The New South Wales Ministry for the Arts sees schools as key providers and producers of the arts and recognizes that the collaboration of arts and education has a “profound bearing on children’s appreciation of the arts and their later participation as adults.” Evidenced by its allocation of funds in the Art Access Strategy, the New South Wales Ministry for the Arts makes a commitment to improving the learning outcomes of children, both as artists and as audience, with a particular focus on funding for regional infrastructure, development and expansion. The New South Wales Department of Education and Training also provides some funding assistance that can be utilized.

Locally, Sydney Council Youth Arts Strategy of 2005 identifies how the body’s funding should be allocated and how the needs of children and young people are considered in the planning processes for urban space and urban design. Sydney City Council recognizes the lack of accessible cultural facilities as having a significantly negative impact on the Sydney urban environment. It recognizes that youth services are not as accessible as they could be because they are often considered unsafe. Sydney City Council recognises that it is issue that needs to be addressed, and provides funding on this basis. In its mobility, “PlaySpace Children's Theatre” accommodates and lessens this negative impact by not insisting on attracting audience to the theatre but by bringing the theatre to a more available audience.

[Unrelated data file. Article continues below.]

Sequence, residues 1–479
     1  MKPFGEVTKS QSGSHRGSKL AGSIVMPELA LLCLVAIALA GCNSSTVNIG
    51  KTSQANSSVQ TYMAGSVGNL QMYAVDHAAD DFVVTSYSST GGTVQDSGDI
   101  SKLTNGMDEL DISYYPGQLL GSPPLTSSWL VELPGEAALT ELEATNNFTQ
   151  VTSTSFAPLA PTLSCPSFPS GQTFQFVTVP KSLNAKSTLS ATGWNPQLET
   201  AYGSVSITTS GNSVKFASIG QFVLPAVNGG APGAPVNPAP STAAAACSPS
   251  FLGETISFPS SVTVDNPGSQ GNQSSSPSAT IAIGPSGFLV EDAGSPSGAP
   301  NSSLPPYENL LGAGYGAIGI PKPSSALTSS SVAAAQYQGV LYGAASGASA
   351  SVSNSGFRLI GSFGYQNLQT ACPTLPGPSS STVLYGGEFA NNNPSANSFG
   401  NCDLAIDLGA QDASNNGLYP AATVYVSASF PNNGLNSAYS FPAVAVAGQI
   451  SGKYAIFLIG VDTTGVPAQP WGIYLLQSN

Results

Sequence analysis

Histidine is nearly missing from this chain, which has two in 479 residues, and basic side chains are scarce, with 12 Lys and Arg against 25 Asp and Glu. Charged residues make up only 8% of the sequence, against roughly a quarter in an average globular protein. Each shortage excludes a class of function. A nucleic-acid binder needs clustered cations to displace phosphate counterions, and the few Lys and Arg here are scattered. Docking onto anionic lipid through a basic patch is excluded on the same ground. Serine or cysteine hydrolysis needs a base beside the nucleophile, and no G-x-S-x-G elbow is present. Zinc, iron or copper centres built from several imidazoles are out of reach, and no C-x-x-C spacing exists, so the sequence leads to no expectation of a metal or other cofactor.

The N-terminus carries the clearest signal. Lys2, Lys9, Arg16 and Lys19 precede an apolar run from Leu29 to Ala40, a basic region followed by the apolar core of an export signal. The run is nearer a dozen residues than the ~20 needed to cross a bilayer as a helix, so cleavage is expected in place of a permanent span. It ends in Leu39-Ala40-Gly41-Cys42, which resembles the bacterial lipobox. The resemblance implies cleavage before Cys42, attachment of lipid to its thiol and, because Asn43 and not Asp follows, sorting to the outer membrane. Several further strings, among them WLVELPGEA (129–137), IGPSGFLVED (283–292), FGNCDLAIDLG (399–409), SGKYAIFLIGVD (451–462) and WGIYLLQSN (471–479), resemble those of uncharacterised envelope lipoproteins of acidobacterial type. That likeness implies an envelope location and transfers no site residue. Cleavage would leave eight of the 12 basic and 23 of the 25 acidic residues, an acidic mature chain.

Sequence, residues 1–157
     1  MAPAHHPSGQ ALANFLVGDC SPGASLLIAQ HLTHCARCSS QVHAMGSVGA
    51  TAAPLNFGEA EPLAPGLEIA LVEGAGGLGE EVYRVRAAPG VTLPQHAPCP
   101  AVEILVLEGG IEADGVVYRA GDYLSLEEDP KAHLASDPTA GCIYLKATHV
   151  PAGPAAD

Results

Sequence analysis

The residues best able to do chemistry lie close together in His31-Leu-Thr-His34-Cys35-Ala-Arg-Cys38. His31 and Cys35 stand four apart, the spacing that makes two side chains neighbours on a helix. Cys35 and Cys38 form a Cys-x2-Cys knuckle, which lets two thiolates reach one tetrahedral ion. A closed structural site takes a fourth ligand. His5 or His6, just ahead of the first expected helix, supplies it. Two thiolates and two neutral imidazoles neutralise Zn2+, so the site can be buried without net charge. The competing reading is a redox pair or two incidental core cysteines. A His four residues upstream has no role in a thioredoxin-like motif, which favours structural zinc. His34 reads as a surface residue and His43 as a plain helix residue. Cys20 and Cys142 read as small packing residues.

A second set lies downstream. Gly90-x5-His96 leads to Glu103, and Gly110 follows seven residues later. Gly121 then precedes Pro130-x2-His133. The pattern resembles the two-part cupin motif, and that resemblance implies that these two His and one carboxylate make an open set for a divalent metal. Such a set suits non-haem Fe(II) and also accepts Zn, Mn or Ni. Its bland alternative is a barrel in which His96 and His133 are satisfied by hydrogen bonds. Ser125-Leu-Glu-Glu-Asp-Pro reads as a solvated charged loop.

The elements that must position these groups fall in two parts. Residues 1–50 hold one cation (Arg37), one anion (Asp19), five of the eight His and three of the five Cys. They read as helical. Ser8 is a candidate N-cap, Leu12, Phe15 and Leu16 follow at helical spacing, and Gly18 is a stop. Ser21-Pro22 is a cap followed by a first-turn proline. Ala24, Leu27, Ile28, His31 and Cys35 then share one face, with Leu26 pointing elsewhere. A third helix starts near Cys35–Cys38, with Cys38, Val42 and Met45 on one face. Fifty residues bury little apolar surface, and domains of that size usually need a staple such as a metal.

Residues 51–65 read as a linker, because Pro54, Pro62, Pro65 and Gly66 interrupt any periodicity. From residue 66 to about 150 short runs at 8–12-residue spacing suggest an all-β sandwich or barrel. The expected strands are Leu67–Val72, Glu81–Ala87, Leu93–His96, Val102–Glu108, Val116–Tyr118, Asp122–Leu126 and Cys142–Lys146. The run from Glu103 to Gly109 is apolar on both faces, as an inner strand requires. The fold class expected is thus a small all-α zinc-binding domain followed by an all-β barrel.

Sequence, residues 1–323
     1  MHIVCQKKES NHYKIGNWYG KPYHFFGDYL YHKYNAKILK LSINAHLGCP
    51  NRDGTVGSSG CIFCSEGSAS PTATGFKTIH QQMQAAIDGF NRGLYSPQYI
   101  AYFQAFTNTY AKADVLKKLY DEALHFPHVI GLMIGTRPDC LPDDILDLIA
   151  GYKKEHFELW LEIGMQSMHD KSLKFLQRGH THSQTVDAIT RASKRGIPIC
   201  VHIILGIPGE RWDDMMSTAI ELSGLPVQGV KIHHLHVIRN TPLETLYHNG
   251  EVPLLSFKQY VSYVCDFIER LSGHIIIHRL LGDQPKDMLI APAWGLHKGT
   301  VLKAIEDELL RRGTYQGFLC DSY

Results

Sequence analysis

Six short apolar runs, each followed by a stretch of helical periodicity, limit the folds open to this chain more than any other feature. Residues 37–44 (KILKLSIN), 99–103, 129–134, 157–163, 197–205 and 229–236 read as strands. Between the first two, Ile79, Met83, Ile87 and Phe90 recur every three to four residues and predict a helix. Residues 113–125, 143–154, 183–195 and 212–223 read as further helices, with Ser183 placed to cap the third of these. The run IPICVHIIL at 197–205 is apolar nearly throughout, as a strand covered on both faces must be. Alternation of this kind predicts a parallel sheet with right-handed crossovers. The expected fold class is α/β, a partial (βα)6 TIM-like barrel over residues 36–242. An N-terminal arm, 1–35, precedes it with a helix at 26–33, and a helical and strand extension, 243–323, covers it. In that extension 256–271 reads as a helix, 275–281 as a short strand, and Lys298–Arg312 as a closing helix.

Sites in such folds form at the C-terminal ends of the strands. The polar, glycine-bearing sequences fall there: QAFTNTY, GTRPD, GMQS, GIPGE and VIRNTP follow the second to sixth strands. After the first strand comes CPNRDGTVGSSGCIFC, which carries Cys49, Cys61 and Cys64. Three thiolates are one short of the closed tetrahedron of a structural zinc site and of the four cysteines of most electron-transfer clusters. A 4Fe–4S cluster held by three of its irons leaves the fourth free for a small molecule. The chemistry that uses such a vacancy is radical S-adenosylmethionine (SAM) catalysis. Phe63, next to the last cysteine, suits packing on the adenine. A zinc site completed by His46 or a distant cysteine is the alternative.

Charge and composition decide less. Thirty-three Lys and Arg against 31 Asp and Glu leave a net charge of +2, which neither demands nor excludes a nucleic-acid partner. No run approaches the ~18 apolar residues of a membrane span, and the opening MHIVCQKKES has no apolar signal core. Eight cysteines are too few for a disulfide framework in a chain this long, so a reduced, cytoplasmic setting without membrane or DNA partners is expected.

As a parent studying at university in an inner city my motivation is to ensure that children from remote areas get the same benefits as are available to my child and "PlaySpace" is a tribute to the importance of quality urban space and the way children relate to it. Increasing child-friendly urban spaces is paramount to the cultural development of Sydney as our children are our future. Our rising stars.